You’ve seen the studies on various fat contents and the clinical results they produce in heart disease, cancer, and type 2 diabetes. You’ve seen the dietary recommendations from organizations like the AHA, ADA, and ACS. The studies that produce halting and reversing of disease have two things in common:
  1. They eliminated animal products including “lean” meats and...
  2. They contained approximately 20% or less of total fat (the best results were in those studies with a fat content around 10% of total calories)

Below is a table that I made of various plant and animal foods and their total fat content.1 Tabulating these results and making this table took a little time and effort. It required a basic calculator and some simple math skills but anyone can do this. The data comes from the United States Department of Agriculture’s Nutrient Database ( This is the standard reference used by all in the field of nutrition. It’s what healthcare professionals, like dietitians, refer to when devising dietary plans formulated for their patients.

The AHA, ADA, and ACS could have done these simple calculations. If they did, perhaps they would’ve realized their recommendations to consume “lean” meats are not exactly the “low-fat, health-promoting” recommendations they devised in the first place, especially considering most of the “lean” meats bought in grocery store exceed 20% in total fat content.

Remember, interventional studies done up to this point on diet and health have proven that diets higher in fat content produce continued sickness, suffering, and premature death. A person would literally have to hunt and fish wild game to consume only lean meats, but they’d also be consuming animal protein which has been shown in several studies to play a role in causing a number of chronic diseases (cancer, autoimmune diseases, heart disease, etc.). This is another discussion for another time though.

For now, use the chart provided to help you understand your choices between the fat contents of plant and animal foods. Clearly, the plant-food kingdom (with the exception of nuts, seeds, olives, and avocados) is much healthier and lower in fat than the animal-food kingdom.

The bottom line is, it’s irresponsible to recommend to hundreds of millions of Americans to eat “lean” meats. They play a significant role in causing the same diseases the AHA, ADA, and ACS are waging "war" on. The science doesn’t lie about this fact. Professional healthcare organizations shouldn’t either!

Don't get me wrong, I’m all for the rights of individuals to choose whatever it is they want to eat, whether it be broccoli and brown rice or chicken and fried potatoes. But organizations dispensing professional health, medical, and nutrition advice have a responsibility and obligation to warn others of their choices when those choices cause disease and sickness. There’s no difference between “lean” meats and cigarettes or alcohol. They all cause chronic sickness and premature death. They also reduce the quality of one’s life for several years, if not decades, while individuals suffer from these diseases.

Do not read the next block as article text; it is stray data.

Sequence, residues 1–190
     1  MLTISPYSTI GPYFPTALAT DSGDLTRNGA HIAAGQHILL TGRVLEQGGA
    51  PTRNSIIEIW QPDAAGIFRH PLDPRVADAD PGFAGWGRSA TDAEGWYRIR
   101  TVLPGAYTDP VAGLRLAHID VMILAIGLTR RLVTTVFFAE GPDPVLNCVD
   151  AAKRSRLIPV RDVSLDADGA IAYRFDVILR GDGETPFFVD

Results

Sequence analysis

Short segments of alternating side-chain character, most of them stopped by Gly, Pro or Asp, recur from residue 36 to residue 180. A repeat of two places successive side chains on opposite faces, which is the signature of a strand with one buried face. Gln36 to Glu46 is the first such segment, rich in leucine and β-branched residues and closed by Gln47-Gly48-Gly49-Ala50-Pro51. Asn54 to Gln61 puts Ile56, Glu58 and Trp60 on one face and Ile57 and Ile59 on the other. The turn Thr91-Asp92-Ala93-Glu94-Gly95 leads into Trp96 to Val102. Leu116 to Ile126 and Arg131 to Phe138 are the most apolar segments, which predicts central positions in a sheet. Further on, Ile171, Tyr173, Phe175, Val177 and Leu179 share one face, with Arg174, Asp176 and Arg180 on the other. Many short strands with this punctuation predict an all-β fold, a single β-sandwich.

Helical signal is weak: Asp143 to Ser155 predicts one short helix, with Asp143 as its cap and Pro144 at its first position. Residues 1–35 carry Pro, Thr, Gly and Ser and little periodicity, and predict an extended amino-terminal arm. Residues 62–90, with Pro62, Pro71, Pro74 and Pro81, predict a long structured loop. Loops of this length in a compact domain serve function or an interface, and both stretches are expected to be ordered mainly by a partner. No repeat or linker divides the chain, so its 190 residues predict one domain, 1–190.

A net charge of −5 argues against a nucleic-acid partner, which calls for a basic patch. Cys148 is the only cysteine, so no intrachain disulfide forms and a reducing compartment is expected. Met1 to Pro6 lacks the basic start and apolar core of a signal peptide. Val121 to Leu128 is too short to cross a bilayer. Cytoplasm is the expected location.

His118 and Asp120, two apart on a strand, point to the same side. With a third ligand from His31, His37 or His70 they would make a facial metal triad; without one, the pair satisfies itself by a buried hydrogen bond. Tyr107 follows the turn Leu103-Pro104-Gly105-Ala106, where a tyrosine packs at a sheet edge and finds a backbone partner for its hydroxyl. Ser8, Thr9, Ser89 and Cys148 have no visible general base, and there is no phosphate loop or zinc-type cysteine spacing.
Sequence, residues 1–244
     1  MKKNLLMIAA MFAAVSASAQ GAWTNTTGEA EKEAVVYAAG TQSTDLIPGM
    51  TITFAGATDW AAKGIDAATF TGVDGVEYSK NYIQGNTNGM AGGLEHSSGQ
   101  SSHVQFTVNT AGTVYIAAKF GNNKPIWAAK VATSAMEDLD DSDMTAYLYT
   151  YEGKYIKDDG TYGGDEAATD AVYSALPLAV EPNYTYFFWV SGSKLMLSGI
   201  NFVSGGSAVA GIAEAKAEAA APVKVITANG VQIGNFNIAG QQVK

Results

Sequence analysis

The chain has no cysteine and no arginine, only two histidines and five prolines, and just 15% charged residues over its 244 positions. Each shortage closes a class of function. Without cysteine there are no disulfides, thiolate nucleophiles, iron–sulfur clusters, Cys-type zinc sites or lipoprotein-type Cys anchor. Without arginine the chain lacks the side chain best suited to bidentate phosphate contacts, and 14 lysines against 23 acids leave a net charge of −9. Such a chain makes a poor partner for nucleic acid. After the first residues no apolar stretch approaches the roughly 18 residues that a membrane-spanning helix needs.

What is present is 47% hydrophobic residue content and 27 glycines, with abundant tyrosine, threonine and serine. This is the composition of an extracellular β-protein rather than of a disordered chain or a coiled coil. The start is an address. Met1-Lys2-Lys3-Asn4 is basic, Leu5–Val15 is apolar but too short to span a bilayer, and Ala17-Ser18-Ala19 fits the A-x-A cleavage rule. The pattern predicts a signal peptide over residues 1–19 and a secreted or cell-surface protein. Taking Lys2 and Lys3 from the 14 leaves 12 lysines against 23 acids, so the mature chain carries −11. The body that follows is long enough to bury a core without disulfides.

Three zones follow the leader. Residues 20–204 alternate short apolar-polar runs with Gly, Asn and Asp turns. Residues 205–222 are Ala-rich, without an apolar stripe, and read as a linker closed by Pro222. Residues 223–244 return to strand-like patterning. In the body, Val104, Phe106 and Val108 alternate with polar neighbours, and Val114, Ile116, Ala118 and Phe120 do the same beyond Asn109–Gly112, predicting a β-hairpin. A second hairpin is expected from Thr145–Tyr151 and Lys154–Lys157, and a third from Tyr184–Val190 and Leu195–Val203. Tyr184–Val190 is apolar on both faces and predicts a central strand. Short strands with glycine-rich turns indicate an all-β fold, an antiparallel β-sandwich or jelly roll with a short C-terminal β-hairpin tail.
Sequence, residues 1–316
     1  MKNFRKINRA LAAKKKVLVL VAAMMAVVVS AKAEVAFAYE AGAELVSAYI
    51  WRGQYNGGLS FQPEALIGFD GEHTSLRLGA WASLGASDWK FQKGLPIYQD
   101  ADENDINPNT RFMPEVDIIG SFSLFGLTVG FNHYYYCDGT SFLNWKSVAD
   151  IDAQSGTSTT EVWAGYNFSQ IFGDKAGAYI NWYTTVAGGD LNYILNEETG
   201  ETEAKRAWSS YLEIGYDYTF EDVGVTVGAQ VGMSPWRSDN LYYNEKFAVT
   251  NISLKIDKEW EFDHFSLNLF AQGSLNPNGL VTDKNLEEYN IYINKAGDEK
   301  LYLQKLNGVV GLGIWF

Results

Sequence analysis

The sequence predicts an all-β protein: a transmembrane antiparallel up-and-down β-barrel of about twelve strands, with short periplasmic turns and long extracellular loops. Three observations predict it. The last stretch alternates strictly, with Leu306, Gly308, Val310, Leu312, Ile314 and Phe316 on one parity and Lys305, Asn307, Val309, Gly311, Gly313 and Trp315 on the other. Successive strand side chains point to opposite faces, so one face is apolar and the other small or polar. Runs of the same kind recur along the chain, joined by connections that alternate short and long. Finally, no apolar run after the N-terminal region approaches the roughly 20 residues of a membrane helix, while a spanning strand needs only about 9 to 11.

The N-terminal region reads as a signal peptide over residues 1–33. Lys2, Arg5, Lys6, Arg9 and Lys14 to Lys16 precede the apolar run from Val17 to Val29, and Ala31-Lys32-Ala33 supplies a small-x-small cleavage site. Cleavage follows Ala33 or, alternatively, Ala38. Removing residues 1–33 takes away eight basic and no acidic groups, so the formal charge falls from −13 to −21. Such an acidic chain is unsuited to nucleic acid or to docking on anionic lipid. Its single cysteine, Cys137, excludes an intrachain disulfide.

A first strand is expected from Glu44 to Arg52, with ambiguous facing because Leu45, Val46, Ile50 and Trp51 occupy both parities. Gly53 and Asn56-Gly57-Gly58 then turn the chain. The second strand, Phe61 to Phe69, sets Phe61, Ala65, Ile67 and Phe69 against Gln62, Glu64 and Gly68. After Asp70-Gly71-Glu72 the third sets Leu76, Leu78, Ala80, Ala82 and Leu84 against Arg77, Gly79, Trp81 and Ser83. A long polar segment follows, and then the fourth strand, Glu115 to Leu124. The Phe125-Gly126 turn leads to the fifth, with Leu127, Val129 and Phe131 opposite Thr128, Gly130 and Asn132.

My advice is simple—steer clear of any nutritional information handed out by the AHA, ADA, and ACS. It literally has the potential to disable you and lead to premature death.

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by Dustin Rudolph, PharmD
Clinical Pharmacist

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1 Source: U.S. Dept of Agriculture, Agricultural Research Service. 2013. USDA National Nutrient Database for Standard Reference, Release 26. Nutrient Data Laboratory Home Page,
2 American Heart Association. The American Heart Association’s Diet and Lifestyle Recommendations. Updated 16 May 2014. Available: Accessed 25 May 2014.
3 Krauss RM, Eckel RH, et al. AHA Dietary Guidelines: revision 2000: A statement for healthcare professionals from the Nutrition Committee of the American Heart Association. Circulation. 2000 Oct 31;102(18):2284-99.
4 American Diabetes Association. Diabetes Meal Plans and a Healthy Diet. Last edited 30 April 2014. Available: Accessed 25 May 2014.
5 American Diabetes Association, Bantle JP, Wylie-Rosett J, et al. Nutrition recommendations and interventions for diabetes: a position statement of the American Diabetes Association. Diabetes Care. 2008 Jan;31 Suppl 1:S61-78.
6 Kushi LH, Doyle C, McCullough M, et al. American Cancer Society guidelines on nutrition and physical activity for cancer prevention. CA Cancer J Clin. 2012 Jan-Feb;62(1):30-67.
7 Esselstyn CB Jr, Ellis SG, Medendorp SV, Crowe TD. A strategy to arrest and reverse coronary artery disease: a 5-year longitudinal study of a single physician's practice. J Fam Pract. 1995 Dec;41(6):560-8.
8 Ornish D, Scherwitz LW, Billings JH, et al. Intensive lifestyle changes for reversal of coronary heart disease. JAMA. 1998 Dec 16;280(23):2001-7. Erratum in: JAMA 1999 Apr 21;281(15):1380.
9 Barnard ND, Cohen J, et al. A low-fat vegan diet improves glycemic control and cardiovascular risk factors in a randomized clinical trial in individuals with type 2 diabetes. Diabetes Care. 2006 Aug;29(8):1777-83.
10 Barnard ND, Cohen J, et al. A low-fat vegan diet and a conventional diabetes diet in the treatment of type 2 diabetes: a randomized, controlled, 74-week clinical trial. Am J Clin Nutr. 2009 May;89(5):1588S-1596S.
11 Ornish D, Weidner G, Fair WR, et al. Intensive lifestyle changes may affect the progression of prostate cancer. J Urol. 2005 Sept;174:1065-1070.
12 Saxe GA, Hebert JR, Carmody JF, et al. Can diet in conjunction with stress reduction affect the rate of increase in prostate specific antigen after biochemical recurrence of prostate cancer? J Urol. 2001 Dec;166(6):2202-7.
13 Saxe GA, Major JM, Nguyen JY, et al. Potential attenuation of disease progression in recurrent prostate cancer with plant-based diet and stress reduction. Integr Cancer Ther. 2006 Sep;5(3):206-13.

14 Daniel CR, Cross AJ, Graubard BI, et al. Prospective investigation of poultry and fish intake in relation to cancer risk. Cancer Prev Res. 2011 Nov;4(11):1903-1911.
15 Esselstyn CB Jr, Gendy G, et al. A Way to Reverse CAD? J Fam Pract. 2014 July;63(7):356-364,364a,364b.